Unlike in other countries where Corporations are taxed separately from their shareholders as an independent tax payer and Limited Liability Companies are taxed are taxed as pass-through entities – this is not the case for Mexico. Both Limited Liability Companies and Corporations in Mexico are taxed in the exact same manner. There is no difference whatsoever between the two entities in terms of amounts of taxes or tax obligations. The difference arises at the moment of repatriating earnings from Mexico abroad. The LLC for purposes of the taxation in the United States and other countries will treat the Mexico LLC as if it were a pass-through entity and permit the deduction of income taxes paid in Mexico from tax obligations owed in the form of a foreign tax credit. This is the most relevant reason for why an LLC is superior in most cases instead of forming a corporation in Mexico.
In some cases, forming a corporation will be required by law or statute for a particular industry. These requirements exist most frequently in the finance industry. A SOFOM (Sociedad Financiera de Objeto Multiple) is a financial services company that engages in either regulated or unregulated financial activities, including but not limited to lending, personal loans, pay-day loans or similar are required to formed as corporations and not as Limited Liability Companies. Similarly, companies that accept deposits from the public or are otherwise engage in activities regulated by the Mexican National Banking Commission are also required to be established as Corporations.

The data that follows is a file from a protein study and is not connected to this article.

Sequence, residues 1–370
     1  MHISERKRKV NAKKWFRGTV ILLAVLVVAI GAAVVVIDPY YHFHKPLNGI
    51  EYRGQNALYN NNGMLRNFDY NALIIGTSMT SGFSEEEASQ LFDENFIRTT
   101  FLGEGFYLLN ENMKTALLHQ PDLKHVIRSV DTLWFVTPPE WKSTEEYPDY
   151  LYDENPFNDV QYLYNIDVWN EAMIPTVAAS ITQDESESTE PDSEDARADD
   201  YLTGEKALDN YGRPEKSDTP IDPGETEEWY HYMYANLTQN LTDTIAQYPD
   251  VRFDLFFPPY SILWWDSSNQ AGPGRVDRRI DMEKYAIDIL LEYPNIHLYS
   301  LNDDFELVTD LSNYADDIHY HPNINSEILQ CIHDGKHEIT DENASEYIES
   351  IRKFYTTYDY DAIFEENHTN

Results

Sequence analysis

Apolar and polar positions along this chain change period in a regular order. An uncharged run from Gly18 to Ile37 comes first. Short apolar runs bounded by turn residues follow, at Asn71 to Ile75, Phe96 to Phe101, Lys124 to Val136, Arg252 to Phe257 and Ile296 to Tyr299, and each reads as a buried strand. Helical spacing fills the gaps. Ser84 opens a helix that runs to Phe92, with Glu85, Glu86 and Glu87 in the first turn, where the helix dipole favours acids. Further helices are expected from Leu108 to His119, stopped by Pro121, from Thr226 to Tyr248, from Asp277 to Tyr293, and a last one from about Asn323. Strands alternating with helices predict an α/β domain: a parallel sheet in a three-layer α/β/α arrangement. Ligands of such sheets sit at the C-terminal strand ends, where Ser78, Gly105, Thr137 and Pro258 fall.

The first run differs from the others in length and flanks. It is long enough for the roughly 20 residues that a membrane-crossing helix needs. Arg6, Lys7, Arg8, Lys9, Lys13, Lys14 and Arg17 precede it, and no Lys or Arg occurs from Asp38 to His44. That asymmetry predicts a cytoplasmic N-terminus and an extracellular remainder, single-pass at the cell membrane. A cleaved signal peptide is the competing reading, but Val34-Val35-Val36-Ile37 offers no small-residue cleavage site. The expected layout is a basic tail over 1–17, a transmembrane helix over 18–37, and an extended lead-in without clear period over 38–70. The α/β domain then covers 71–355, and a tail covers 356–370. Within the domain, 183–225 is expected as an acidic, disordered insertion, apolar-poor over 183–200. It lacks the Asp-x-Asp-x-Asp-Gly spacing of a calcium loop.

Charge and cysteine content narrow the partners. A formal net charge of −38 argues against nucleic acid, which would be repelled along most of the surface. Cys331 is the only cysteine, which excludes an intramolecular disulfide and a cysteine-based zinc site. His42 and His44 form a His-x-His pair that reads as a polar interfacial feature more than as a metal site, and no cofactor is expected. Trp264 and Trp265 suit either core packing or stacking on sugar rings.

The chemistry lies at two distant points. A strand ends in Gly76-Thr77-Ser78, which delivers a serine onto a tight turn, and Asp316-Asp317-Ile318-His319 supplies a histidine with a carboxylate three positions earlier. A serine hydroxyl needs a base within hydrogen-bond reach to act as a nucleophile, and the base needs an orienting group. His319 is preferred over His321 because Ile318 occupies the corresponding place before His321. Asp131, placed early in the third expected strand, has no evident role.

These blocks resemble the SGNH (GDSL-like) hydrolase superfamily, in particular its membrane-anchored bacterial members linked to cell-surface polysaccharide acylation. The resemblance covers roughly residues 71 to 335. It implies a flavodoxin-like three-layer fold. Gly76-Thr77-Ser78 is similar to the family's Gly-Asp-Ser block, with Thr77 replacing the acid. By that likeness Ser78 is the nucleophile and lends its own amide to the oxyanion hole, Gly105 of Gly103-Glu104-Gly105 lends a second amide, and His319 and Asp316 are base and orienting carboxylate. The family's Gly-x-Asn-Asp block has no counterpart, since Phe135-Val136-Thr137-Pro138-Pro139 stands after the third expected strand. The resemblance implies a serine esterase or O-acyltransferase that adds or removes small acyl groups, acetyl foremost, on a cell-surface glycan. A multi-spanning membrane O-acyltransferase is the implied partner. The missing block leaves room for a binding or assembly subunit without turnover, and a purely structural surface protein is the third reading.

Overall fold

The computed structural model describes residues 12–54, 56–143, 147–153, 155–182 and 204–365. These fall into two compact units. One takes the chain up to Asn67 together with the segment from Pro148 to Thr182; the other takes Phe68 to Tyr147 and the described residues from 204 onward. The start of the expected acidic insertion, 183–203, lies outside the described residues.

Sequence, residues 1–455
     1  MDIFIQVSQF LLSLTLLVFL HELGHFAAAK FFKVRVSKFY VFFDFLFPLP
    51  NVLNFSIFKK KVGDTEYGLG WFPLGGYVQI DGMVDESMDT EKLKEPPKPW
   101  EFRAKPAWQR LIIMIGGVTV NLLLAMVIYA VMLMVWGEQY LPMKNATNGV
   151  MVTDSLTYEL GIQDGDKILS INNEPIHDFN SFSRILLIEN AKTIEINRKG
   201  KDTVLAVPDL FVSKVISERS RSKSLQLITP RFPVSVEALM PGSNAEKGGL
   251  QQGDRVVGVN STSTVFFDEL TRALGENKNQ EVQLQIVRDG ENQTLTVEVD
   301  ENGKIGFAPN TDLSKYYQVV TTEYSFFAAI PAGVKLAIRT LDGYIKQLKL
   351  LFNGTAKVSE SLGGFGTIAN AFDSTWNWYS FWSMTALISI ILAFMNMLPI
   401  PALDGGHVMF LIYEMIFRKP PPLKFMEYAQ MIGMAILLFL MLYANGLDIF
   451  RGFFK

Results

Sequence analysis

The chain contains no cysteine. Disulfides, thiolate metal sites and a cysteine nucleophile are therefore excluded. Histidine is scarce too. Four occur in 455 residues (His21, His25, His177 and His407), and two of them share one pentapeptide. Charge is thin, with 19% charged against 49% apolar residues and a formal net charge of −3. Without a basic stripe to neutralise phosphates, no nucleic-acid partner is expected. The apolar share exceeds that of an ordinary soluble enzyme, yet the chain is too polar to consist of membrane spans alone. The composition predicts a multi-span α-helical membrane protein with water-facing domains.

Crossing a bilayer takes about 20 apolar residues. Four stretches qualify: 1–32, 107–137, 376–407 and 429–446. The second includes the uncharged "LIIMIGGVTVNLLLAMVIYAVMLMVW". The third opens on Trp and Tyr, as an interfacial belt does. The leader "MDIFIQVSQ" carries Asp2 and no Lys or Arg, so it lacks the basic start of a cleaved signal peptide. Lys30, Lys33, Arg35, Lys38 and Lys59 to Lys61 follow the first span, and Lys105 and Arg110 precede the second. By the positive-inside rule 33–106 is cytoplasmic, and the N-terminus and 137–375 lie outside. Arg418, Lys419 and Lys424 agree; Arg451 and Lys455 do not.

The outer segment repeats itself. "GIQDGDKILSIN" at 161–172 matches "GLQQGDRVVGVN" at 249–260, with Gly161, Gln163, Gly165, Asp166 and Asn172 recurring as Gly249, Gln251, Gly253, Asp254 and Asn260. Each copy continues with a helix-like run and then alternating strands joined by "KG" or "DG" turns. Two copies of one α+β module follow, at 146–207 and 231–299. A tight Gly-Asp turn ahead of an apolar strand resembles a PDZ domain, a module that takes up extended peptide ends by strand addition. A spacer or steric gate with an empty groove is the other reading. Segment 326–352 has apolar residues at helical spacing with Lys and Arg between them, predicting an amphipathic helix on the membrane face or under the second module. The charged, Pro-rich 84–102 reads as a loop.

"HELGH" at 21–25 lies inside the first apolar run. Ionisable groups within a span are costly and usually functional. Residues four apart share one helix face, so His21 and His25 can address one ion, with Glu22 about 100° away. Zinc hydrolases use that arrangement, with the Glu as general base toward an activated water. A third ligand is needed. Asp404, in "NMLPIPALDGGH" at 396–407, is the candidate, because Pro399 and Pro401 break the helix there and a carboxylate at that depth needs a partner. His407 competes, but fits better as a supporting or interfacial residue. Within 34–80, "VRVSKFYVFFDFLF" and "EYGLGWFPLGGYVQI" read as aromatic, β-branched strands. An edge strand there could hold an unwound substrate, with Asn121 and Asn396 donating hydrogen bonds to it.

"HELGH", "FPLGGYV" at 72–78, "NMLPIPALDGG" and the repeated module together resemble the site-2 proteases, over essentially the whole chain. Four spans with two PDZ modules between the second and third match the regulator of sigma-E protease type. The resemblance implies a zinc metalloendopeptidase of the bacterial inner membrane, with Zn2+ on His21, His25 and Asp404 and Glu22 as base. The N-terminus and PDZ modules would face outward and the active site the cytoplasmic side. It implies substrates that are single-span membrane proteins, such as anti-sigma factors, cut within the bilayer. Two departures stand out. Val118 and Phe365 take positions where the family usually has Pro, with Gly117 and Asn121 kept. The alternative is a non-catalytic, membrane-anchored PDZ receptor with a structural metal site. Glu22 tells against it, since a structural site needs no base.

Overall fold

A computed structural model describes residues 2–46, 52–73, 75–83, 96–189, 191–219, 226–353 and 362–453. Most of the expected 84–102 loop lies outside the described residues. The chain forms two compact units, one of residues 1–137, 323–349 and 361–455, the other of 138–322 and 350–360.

In general, Corporations in Mexico are better suited to provide greater control over shareholders rights and classes of capital. For example, Investment Promotion Companies (Socidades Anonimas Promotora de Inversión) are a special corporate form in Mexico that provides for advanced corporate governance features for preferential voting rights, dividends, multiple shareholder classes, liquidation rights, debt repayment preferences, and minority shareholder protections. These entities cannot be established as LLCs. Furthermore, if a company is intending to go public and trade its share on the stock exchange at some point in the future, it must be established as a corporation.
For most clients, the choice to incorporate an LLC or a Corporation in Mexico will not really make much of a difference in most cases in terms of basic everyday functionality. For clients coming from Canada, the differences in terms of pass-through taxation are irrelevant, as Canada Revenue Agency does not recognize foreign LLCs as disregarded entities. Either corporate form will work in terms of owning property within the restricted zone, purchasing property, or running a business. LLCs do not require making publications upon dissolution and winding up, nor do they require a statutory auditor or shareholders’ commissioner. These aspects are fairly minor but should be taken into account. The potential tax benefits of LLCs prove significant enough to justify recommending an LLC in Mexico instead of a corporation in Mexico as the default option unless there is a specific legal or regulatory requirement by law or the company’s business activities specifically require registering as a corporation.
Corporations and LLCs are formed in the exact same way with the exact same procedures involving a notary, SAT registration, etc.